Tell Me Why I Should Buy From You

tell me why I should buy from youA while back I was called on by a young financial planner. He was new to the sales game and began his pitch by touching on objections I MIGHT have. He would start with the objection and then try to explain why it shouldn’t be one.

Do you know what he accomplished? He GAVE me reasons not to work with him! I hadn’t even thought of those objections. Yet, there they were, big as life, like a big neon sign telling me not to do business with him.

Not a great idea.

At another time I was called upon by a salesman who spent his few moments with me telling me all of the negatives about his competition. He never told me one thing about his product or company. While he probably convinced me not to do business with his competitors, he gave me no reason to do business with him either.

Another not-so-hot idea.

Today I received a call from someone I know but haven’t seen for awhile. She was very excited about a new product she is offering and wanted to tell me all about it. However, her approach was to say she wanted to meet to show it to me. When I asked what it was, she told me she couldn’t tell me — she had to show me. Really? That’s not the way to get me to set an appointment. It’s a little manipulative.

These are glaring examples of how not to behave.

Let’s turn them on their heads and use them as lessons of what TO DO. If we start with the premise that people buy you first, your product second and your company third, what is it about you that will be appealing?

You should be attentive, honest, positive, and dependable.


Don’t talk so much. The best salespeople are the ones who seek information from their prospects. They ask questions and listen to the answers. They pay attention to what the prospect tells them.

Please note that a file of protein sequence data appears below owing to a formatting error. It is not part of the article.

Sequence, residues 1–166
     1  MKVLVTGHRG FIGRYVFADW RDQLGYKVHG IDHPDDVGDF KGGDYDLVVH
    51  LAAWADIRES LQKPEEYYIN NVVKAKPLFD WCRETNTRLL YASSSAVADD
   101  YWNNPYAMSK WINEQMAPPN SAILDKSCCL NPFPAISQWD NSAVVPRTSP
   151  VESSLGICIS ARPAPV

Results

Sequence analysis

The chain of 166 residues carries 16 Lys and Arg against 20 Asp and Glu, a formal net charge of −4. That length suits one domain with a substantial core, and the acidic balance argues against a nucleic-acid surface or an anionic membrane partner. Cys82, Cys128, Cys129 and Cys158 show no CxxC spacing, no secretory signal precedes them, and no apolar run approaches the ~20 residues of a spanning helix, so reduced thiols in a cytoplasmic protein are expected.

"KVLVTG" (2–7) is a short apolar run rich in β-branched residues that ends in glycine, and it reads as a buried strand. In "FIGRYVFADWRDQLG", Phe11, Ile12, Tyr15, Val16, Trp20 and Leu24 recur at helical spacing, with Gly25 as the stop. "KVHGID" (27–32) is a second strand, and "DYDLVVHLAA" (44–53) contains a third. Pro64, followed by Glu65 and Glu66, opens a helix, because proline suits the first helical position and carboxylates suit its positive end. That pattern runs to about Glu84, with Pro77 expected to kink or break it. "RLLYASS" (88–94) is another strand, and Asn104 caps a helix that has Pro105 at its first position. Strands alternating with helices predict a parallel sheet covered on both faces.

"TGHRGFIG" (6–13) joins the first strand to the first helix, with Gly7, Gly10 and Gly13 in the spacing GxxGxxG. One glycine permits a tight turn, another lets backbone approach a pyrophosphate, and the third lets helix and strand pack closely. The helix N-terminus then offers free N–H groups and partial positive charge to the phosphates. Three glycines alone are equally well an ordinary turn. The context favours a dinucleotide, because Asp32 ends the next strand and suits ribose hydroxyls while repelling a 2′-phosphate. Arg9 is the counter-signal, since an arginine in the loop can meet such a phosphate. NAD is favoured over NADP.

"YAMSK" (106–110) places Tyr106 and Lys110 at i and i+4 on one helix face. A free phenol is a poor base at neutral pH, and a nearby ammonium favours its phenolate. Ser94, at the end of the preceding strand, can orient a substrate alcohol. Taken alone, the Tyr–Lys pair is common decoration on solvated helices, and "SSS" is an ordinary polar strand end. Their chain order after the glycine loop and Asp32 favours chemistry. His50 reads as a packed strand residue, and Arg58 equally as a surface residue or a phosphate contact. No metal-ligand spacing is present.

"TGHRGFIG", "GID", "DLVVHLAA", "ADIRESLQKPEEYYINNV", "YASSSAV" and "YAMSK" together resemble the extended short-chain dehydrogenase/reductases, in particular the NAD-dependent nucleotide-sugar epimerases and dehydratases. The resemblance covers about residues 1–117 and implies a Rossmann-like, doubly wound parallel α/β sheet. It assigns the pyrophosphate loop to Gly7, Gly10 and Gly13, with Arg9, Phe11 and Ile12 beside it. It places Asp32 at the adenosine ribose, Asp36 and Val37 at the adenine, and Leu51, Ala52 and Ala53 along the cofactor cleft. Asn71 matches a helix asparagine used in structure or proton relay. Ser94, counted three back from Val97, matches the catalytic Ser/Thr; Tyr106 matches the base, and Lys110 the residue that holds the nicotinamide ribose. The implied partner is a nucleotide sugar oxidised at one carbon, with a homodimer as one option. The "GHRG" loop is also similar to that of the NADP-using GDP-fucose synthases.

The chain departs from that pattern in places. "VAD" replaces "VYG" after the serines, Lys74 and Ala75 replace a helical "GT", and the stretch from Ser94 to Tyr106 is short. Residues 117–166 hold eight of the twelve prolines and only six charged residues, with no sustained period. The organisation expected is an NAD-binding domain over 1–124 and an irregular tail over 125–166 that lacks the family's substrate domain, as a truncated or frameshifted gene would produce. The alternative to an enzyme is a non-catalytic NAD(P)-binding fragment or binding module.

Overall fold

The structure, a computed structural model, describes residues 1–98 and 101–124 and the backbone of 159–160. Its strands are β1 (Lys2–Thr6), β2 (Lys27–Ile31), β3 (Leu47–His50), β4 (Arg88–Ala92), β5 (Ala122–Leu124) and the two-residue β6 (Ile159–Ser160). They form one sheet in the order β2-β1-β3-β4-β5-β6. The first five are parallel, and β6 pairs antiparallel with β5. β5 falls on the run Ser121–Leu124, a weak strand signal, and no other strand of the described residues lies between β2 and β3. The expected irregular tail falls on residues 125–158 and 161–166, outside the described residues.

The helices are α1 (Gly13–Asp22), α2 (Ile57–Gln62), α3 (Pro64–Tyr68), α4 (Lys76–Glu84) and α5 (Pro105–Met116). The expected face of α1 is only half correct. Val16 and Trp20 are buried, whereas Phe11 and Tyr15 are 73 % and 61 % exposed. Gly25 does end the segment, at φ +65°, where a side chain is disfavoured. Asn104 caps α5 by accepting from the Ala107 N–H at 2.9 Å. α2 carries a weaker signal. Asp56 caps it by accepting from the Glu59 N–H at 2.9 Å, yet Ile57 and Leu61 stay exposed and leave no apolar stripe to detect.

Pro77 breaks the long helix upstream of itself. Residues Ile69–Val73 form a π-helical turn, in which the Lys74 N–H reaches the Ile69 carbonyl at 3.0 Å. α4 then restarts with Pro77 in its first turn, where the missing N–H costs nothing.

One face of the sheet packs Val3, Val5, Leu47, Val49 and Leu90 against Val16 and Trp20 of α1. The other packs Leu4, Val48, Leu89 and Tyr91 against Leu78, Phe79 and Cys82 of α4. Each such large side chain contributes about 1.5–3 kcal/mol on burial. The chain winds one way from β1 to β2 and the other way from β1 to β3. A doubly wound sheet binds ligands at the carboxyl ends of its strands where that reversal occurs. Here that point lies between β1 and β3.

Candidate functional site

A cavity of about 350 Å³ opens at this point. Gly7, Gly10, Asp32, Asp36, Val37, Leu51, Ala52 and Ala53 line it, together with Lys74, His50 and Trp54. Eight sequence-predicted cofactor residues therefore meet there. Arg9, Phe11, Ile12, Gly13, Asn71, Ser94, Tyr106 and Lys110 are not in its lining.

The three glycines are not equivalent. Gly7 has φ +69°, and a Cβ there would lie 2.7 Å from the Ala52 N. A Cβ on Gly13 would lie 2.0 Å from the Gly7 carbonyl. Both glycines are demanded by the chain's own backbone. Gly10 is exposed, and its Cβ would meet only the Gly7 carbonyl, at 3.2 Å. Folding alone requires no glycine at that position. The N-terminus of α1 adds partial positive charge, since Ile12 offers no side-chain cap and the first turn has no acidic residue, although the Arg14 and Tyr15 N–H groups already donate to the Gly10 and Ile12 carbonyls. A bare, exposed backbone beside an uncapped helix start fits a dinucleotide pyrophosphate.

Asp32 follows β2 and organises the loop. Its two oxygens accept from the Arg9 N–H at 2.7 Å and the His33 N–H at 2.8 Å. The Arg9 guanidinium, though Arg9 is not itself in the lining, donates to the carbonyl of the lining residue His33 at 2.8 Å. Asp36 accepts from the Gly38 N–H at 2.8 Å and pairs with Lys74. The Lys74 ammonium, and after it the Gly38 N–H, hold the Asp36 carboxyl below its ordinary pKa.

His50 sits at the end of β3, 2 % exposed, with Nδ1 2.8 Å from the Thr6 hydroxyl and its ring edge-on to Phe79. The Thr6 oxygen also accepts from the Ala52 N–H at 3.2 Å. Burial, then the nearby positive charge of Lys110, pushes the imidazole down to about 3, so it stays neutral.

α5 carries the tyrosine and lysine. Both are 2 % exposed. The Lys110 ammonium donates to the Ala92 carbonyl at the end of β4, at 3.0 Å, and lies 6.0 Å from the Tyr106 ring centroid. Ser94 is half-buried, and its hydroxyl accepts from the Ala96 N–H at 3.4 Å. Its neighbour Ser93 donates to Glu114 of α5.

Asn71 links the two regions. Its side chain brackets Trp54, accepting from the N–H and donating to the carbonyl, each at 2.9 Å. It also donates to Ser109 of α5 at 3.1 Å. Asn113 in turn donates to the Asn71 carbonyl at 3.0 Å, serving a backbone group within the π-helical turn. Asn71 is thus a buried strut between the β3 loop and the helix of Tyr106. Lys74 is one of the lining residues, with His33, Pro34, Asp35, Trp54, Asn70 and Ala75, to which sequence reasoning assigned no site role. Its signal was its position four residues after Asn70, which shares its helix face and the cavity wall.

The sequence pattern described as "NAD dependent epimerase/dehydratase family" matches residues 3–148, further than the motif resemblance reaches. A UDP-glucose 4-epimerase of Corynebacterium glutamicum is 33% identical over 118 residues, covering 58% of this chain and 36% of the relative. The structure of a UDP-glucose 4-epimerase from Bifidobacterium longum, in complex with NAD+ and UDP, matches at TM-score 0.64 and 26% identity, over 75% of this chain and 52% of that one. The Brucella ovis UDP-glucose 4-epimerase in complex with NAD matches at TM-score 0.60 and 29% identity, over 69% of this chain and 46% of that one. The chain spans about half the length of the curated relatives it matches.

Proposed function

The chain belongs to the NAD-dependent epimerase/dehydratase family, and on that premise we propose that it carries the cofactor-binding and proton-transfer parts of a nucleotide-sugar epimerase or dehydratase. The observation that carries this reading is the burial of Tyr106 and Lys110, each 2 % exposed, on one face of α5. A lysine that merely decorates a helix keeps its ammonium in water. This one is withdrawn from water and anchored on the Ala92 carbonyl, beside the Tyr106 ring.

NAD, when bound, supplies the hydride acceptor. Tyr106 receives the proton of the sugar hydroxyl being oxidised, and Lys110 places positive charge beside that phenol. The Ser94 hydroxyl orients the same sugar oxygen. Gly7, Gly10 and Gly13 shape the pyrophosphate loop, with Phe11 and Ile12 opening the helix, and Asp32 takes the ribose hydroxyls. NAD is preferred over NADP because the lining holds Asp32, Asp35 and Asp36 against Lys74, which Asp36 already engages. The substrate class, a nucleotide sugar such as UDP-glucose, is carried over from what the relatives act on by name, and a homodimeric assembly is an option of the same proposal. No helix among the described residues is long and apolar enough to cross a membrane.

Honest and Positive

I’m putting these together because they comprise the communication style you want to use. You want to respond to what your prospect tells you with information about how your product or service can meet their needs. You DO NOT want to say negative things about yourself, your company, or your competition. There is no place in sales for negative conversations. You also don’t want to try to trap them into a face-to-face meeting. If you have something that is of value, the people who need it will want to see it. The rest will appreciate the respect you show them by communicating upfront with them.


Say what you mean and mean what you say. Be on time, be present, be giving. You show you are dependable by following through with results that match the prospect’s needs. Sales is not about what you want to sell. It is about what your prospect needs or wants. Your prospect will know they can depend on you when you are attentive, honest, and positive.

When it comes right down to it, the best way to sell is to not sell at all. Leave the gimmicks, tricks, issues to your competition. Just maintain a positive attitude, learn what your prospect needs, and when your product or service addresses that need tell them. Treat your prospect appointments like gold. You will be rewarded handsomely.

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Diane HelbigAbout the Author: Diane Helbig is a Professional Coach and the president of Seize This Day Coaching. Diane is a Contributing Editor on COSE Mindspring, a resource website for small business owners, as well as a member of the Sales Experts Panel at Top Sales Experts.


Diane Helbig Diane Helbig is a Professional Coach and the president of Seize This Day. Diane is a Contributing Editor on COSE Mindspring, a resource website for small business owners, as well as a member of the Top Sales World Experts Panel at Top Sales World.